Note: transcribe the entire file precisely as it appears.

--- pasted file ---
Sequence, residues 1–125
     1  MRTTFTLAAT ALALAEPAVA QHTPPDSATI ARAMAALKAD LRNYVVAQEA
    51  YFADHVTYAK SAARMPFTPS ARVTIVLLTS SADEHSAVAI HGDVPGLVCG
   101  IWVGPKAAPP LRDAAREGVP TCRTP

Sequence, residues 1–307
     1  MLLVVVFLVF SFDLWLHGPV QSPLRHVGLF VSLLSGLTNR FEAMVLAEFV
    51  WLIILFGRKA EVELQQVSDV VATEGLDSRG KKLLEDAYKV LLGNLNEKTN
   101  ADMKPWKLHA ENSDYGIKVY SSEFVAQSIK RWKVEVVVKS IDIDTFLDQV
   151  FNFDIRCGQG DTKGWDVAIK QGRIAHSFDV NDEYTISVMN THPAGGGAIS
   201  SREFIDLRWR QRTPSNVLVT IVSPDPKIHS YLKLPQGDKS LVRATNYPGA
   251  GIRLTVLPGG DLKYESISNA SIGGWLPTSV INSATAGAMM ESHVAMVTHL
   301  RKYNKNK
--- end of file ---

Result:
Sequence, residues 1–125
     1  MRTTFTLAAT ALALAEPAVA QHTPPDSATI ARAMAALKAD LRNYVVAQEA
    51  YFADHVTYAK SAARMPFTPS ARVTIVLLTS SADEHSAVAI HGDVPGLVCG
   101  IWVGPKAAPP LRDAAREGVP TCRTP

Sequence, residues 1–307
     1  MLLVVVFLVF SFDLWLHGPV QSPLRHVGLF VSLLSGLTNR FEAMVLAEFV
    51  WLIILFGRKA EVELQQVSDV VATEGLDSRG KKLLEDAYKV LLGNLNEKTN
   101  ADMKPWKLHA ENSDYGIKVY SSEFVAQSIK RWKVEVVVKS IDIDTFLDQV
   151  FNFDIRCGQG DTKGWDVAIK QGRIAHSFDV NDEYTISVMN THPAGGGAIS
   201  SREFIDLRWR QRTPSNVLVT IVSPDPKIHS YLKLPQGDKS LVRATNYPGA
   251  GIRLTVLPGG DLKYESISNA SIGGWLPTSV INSATAGAMM ESHVAMVTHL
   301  RKYNKNK